If you have these less-common symptoms and have not had them before, call your doctor right away so that he or she can make sure you aren’t having a transient ischemic attack (TIA), stroke, or other serious problem. Without treatment, a migraine headache can last from 4 to 72 hours.

Symptoms after the headache
After the headache stops, you may have muscle aches or feel very tired. These symptoms may last up to a day after your migraine ends.

Types of migraines and their symptoms

You may have one or more types of migraine headache. Each type has its own features. For example, some people get migraines with an aura. Some get them without an aura. Some women get menstrual migraines, which happen before, during, or shortly after their menstrual period.

It can be hard to tell the difference between a migraine and another type of headache, such as a tension or sinus headache. You may think that you have sinus headaches. But it’s more likely that they are migraine headaches if they happen often and interfere with your daily life.

Migraines can occur along with many other health problems, such as asthma or depression. More serious conditions, such as tumors or infections, can also cause migraine symptoms. But most headaches are not caused by serious health issues.

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How are migraines diagnosed?

A doctor can usually tell if you have a migraine by asking about your symptoms and examining you. You probably will not need lab tests, but your doctor may order some if he or she thinks your symptoms are caused by another disease.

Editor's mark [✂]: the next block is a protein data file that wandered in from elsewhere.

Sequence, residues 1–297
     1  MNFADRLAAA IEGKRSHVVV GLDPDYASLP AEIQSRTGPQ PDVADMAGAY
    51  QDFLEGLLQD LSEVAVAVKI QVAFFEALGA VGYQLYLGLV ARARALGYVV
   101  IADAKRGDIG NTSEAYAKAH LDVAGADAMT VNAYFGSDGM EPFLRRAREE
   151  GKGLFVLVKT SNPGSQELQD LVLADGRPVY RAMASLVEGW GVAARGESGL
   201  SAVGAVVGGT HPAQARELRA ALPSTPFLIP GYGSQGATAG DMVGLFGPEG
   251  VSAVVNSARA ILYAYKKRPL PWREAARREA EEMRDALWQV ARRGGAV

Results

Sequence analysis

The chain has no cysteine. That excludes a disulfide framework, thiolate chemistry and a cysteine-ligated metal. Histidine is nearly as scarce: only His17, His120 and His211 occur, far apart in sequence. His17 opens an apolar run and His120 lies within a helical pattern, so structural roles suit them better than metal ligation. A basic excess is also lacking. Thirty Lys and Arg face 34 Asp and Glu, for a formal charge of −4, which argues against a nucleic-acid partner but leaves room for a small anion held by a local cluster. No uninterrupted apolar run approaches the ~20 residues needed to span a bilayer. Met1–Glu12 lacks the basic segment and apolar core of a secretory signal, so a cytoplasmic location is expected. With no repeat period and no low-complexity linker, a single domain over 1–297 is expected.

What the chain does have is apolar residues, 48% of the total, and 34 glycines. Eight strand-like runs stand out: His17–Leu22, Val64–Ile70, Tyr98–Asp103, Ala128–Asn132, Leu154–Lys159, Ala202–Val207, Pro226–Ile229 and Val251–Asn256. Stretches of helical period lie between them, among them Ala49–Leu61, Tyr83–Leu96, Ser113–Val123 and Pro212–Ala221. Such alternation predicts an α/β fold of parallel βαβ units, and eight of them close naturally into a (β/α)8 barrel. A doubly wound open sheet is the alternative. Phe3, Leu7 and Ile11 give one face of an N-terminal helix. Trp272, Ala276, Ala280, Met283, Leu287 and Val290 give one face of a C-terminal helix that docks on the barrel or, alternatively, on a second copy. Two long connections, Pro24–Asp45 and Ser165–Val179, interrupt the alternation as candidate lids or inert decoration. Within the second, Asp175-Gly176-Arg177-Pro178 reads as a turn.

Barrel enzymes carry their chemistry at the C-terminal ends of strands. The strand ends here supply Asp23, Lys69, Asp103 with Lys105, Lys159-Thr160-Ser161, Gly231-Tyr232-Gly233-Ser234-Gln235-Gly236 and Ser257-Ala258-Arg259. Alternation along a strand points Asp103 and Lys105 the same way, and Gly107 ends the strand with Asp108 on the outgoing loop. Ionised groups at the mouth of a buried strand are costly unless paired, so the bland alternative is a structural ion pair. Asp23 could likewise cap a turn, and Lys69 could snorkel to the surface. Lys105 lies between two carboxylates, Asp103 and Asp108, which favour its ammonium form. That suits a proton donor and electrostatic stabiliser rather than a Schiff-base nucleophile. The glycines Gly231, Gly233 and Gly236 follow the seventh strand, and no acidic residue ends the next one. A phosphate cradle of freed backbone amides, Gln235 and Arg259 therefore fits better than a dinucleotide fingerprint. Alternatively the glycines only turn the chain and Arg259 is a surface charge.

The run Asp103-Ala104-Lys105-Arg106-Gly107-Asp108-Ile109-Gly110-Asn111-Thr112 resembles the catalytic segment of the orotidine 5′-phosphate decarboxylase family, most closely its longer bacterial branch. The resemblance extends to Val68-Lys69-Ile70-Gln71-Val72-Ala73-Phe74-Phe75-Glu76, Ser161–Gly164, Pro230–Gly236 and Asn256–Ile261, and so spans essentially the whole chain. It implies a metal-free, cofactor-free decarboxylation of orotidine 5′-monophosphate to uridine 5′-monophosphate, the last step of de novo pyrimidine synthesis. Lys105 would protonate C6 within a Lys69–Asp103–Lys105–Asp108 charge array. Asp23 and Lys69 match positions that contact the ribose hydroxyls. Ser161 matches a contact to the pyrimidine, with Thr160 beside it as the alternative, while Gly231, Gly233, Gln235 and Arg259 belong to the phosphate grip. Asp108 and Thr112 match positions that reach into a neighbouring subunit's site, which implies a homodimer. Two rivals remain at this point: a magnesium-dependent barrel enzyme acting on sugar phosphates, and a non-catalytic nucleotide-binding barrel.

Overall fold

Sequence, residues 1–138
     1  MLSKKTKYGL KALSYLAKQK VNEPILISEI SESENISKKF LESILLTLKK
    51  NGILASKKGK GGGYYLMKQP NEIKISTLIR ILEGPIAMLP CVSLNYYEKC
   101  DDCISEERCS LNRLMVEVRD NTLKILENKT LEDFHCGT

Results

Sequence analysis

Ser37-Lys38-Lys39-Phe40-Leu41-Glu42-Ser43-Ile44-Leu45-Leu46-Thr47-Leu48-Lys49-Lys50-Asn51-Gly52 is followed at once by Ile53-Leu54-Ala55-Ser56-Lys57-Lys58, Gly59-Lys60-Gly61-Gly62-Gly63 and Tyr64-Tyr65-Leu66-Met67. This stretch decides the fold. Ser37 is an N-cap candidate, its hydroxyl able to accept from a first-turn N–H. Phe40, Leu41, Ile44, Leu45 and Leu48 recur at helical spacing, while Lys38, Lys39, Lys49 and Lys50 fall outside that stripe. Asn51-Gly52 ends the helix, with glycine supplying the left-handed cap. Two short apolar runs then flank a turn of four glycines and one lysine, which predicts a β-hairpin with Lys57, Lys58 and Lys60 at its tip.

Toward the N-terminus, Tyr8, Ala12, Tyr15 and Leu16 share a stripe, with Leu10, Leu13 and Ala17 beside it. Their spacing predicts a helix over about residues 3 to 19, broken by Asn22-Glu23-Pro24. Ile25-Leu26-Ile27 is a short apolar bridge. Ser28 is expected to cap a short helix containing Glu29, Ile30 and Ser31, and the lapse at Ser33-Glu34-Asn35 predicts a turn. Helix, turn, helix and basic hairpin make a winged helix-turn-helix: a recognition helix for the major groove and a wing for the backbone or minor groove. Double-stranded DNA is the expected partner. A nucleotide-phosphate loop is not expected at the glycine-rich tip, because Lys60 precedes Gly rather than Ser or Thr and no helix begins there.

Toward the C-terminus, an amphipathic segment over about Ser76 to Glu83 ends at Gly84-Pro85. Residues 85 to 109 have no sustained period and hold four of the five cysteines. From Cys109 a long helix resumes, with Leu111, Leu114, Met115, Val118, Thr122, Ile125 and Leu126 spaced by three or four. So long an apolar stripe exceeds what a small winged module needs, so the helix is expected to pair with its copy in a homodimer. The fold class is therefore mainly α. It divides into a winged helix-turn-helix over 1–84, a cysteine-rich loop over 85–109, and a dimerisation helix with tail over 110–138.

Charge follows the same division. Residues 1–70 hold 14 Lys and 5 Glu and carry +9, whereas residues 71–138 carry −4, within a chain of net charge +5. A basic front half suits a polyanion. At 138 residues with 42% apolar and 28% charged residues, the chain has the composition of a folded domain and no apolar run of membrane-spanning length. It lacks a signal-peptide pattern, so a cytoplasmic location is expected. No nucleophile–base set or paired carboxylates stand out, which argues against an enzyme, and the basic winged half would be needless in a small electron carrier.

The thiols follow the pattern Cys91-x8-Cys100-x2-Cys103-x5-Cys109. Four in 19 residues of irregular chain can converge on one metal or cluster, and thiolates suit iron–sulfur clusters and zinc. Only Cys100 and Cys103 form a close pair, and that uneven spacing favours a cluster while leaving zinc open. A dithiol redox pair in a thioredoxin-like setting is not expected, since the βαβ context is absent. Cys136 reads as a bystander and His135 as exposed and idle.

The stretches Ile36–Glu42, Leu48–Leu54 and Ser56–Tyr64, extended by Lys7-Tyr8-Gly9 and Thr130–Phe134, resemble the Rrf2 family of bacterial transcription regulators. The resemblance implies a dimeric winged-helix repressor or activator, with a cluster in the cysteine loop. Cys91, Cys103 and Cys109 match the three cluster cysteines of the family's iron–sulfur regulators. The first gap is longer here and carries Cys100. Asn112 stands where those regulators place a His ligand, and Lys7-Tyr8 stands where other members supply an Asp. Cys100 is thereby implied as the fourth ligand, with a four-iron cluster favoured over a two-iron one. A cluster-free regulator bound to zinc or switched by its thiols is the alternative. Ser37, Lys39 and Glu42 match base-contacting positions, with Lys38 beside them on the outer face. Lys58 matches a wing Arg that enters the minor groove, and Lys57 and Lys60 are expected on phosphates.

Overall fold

How are they treated?

You can’t cure migraines. But medicines and other treatments may help you feel better and limit how often you get migraines.

At first, your doctor may want you to try an over-the-counter pain medicine, such as acetaminophen, aspirin, ibuprofen, or naproxen. Brand names include Tylenol, Bayer, Advil, and Aleve. Some over-the-counter medicines (for example, Excedrin) combine acetaminophen, aspirin, and caffeine. If these medicines don’t work, your doctor can prescribe stronger medicine to stop the migraine. Your doctor also may prescribe medicine to prevent migraines.

You may not be able to use some medicines if you are pregnant or have other health problems, such as heart problems.

If the first medicine doesn’t work, ask your doctor if you can try something else. It may take time to find what works best for you.

Some people also use other kinds of treatments, such as acupuncture. These may help reduce the pain or the number of migraines you have.

When you feel a migraine coming on:

  • Stop what you are doing, and take your medicine. Don’t wait for the migraine to get worse. Take your medicine exactly as your doctor told you to.
  • Rest in a quiet, dark room. Close your eyes, and try to relax or go to sleep. Don’t watch TV or read. Put a cold pack or cool cloth on the painful area.

Be careful when you use your migraine medicines. Taking them too often can cause you to get another headache when you stop taking the medicine. This is called a rebound headache. If you are taking headache medicine more than 2 days a week, or if you get more than 3 headaches a month, talk to your doctor.